Aunt Toby doesn’t do a lot of pattern reviews, but when I find something that works on me (5’2″, shorter-than-normal arms, a bit thick in the waist), then I’ve got to promote it. Seriously. This is a great dress for anyone.
Very Easy/Tres Facile. Misses/Misses Petite Dress and Belt: Semi-fitted, pullover, lined dress with waistline casing in seam and blousing in the bodice, back neckline opening with button and loop closing. Knee and floor length. I made the floor length for a ‘black tie’ affair we had at the local university last night. Also comes with pattern for tie or covered buckle belt.
Fabrics: Crepe back satin and soft faille. Also for A: Lame and Sequin.
So, let’s analyze:
Separate bodice with inset shoulders. Elasticized waist. Skirt that gets gathered by …the elasticized waist.
Why did I choose this dress for the event? Well, as some of my loyal readers know, I broke and dislocated my shoulder early in May. I just got out of the ‘strapped up and slung’ stage and entered the “physical therapy’ stage. I find it really difficult to get in and out of fiddly clothing. Most of what I am wearing these days are made out of knits (preferably with some lycra in them) and with a fairly open neck in them. Although this dress doesn’t have an open neck, per se, it does have enough room because of the slit in the back and the button-loop closing for me to gather it all up, get my arm that is healing into one armhole, get my head into the neck opening and then get my good arm into the other side. Pull everything down with one hand, find a volunteer to button the one button in the back, put on a belt and voila! As easy a dressing up experience as I was going to find. Yes, it does have inset shoulders. And my biceps are about 13″ around. Generally, I am pretty self-conscious about my arms, but let’s face it, with a broken shoulder, I have the attitude that comfort comes first. And, my arms are big. That’s the way it is.
I made this dress even more easy: I used bamboo and lycra jersey (which I got from Fabricmart) and lined the bodice with some nude net from Joanne’s Fabrics (you can find that in the section where they have all the fabrics for dance costumes). It’s very soft and stretchy. Using a knit meant that I could downsize this – I usually have to use a Vogue size 18 or 20 AND do an FBA. With the knit and the measurements of the pattern, I graded from a “16″ at the shoulder to an “18″ at the side seam.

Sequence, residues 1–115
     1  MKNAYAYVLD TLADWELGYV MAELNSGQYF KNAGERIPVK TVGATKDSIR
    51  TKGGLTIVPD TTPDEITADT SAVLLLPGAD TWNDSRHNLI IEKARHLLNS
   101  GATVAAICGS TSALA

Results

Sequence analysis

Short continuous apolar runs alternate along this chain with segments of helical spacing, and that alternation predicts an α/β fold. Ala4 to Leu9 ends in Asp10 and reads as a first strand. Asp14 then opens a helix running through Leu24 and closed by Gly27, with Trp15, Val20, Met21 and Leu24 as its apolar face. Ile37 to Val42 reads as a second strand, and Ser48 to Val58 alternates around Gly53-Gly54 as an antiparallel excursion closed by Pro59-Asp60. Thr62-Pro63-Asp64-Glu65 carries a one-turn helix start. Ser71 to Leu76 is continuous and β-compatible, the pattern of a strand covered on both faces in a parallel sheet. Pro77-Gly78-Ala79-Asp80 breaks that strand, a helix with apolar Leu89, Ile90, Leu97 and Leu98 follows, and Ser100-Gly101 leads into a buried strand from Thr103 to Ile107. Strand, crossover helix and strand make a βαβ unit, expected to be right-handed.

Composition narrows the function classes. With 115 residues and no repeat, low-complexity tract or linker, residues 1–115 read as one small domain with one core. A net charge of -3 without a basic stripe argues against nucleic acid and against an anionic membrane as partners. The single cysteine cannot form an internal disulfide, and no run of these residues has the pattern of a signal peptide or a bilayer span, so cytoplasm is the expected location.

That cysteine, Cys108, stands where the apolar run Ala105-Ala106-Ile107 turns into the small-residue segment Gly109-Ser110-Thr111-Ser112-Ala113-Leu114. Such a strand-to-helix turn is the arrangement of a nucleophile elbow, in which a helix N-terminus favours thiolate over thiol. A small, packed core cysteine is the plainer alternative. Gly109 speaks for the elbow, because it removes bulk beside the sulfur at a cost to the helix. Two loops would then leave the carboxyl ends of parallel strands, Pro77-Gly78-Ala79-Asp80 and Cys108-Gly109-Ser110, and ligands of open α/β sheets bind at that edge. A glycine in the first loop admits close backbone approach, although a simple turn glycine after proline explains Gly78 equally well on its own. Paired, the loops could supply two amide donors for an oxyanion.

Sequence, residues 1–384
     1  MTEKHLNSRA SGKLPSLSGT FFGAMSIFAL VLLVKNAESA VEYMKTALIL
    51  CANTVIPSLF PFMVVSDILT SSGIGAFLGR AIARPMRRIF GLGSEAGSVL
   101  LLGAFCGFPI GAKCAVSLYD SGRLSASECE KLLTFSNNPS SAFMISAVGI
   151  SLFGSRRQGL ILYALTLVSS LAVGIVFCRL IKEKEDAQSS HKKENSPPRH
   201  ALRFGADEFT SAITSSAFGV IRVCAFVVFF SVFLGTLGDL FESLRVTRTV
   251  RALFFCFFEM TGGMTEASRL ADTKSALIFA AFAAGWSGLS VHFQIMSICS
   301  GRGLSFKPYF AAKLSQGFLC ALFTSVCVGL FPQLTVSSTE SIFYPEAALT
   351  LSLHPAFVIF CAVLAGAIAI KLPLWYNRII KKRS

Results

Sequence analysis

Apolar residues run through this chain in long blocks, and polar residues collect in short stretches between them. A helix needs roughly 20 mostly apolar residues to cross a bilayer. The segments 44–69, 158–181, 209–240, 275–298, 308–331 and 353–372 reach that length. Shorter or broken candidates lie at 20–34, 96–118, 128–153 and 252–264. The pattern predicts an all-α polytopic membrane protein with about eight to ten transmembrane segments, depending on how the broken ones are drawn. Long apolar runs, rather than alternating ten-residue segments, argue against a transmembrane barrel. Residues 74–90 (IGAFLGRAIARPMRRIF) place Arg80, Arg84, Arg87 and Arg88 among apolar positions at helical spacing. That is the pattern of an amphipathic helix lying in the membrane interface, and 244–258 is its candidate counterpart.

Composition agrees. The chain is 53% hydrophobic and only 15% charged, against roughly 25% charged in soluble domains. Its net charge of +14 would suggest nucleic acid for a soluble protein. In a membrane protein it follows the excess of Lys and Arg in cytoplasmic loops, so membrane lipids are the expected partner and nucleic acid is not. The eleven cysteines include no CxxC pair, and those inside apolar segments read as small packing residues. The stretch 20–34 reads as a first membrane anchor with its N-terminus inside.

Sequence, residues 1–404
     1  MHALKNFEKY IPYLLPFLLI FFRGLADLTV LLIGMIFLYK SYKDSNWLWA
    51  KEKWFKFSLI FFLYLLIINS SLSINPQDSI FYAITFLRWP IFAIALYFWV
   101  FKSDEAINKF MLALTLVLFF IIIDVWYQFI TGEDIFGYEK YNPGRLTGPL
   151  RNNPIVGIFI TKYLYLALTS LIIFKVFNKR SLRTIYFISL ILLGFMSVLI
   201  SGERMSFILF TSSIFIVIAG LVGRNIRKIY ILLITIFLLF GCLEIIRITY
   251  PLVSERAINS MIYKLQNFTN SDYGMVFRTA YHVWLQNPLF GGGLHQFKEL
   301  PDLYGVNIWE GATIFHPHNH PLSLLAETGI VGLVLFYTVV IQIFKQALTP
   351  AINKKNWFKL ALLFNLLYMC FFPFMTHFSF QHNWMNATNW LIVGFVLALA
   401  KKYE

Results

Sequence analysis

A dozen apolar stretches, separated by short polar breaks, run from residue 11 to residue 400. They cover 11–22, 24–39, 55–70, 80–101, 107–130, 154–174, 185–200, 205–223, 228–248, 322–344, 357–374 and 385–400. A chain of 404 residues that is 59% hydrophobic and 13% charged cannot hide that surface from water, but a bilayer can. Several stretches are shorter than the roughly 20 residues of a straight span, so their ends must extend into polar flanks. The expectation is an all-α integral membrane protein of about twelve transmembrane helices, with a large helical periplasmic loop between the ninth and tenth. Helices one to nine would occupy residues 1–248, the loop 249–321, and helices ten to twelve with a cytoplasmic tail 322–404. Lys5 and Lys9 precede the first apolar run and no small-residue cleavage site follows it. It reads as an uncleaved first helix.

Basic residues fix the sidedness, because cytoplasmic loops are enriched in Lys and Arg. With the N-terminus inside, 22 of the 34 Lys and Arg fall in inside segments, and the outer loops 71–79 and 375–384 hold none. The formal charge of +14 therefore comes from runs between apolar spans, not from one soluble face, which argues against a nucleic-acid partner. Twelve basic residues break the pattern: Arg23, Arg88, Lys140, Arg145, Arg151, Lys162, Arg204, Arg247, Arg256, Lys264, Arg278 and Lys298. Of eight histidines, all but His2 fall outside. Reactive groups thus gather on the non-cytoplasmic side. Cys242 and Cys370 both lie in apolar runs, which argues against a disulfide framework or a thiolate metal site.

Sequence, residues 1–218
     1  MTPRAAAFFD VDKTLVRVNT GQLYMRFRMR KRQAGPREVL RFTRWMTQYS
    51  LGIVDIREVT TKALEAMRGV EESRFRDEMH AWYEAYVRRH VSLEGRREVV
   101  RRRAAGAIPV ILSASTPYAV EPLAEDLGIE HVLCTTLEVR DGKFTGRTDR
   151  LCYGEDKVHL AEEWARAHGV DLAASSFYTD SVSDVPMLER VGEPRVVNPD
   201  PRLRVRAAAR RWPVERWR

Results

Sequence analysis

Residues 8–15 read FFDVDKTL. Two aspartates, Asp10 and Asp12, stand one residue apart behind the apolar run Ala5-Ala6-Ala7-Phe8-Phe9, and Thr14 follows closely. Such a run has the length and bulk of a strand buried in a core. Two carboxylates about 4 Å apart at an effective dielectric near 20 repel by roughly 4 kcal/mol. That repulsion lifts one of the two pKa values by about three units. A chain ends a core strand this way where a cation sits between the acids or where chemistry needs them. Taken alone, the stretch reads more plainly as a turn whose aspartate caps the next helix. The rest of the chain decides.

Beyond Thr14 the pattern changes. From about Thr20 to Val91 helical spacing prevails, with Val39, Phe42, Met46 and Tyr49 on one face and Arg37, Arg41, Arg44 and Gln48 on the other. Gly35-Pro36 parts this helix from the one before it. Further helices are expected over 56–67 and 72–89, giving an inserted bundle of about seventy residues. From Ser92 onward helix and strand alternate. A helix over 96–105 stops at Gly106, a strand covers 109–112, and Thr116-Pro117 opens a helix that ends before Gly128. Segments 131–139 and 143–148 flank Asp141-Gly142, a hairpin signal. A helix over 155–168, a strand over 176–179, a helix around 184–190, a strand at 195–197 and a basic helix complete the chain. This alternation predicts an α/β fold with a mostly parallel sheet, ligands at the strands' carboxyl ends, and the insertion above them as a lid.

Any changes: I also raised the bottom of the armscye an inch on both the front and back bodice pieces because I knew I was going to wear this with a racer-back bra (which worked really well). And instead of lengthening the bodice front to accommodate for the needed bust length, I added a 2″ insert at the waist. THAT is what I used to put in the elastic (I used 1″ elastic and just sewed it directly onto the 2″ insert and then sewed the insert to the bodice and then to the skirt). It gave me a little bit more of a ‘blouson’ in the bodice but worked really well with the elastic (I am not a big fan of putting in casings and stringing elastic through casings and all of that). I used very lightweight weft-insertion stabilized in the hem and the back slits. I don’t have an overlock machine but this works really well on my sewing machine with knits. No skipped stitches.
Accessories: There are all sorts of accessories tricks that you can do with a dress as plain as this:
Fabric flower at the neck or the waist. Long dangly earrings. When I saw this belt at Chico’s, I was able to convince myself that the price tag was worth the money. This is a belt I can wear with dressy clothing. I felt like a zillion dollars in it; it dressed up the dress wonderfully, took the attention away from the big bruise (it takes a long time to get rid of one of these from a fracture) on my arm, and gave me the feeling of being very very dressed up.
Why do I not have a photo of the dress? Well, I have to say that the reason I don’t is that my very efficient husband decided to get up and do all the laundry this morning and…it went into the laundry. Another time.
Anything I’ll do differently next time (and there will be a next time because I can’t think of a nicer, easier, cooler dress than this one turned out to be)? I think I’ll stabilize the edges of the neck and the armholes with the same weft-insertion interfacing that I used in the hems and the slits. That’s really about it.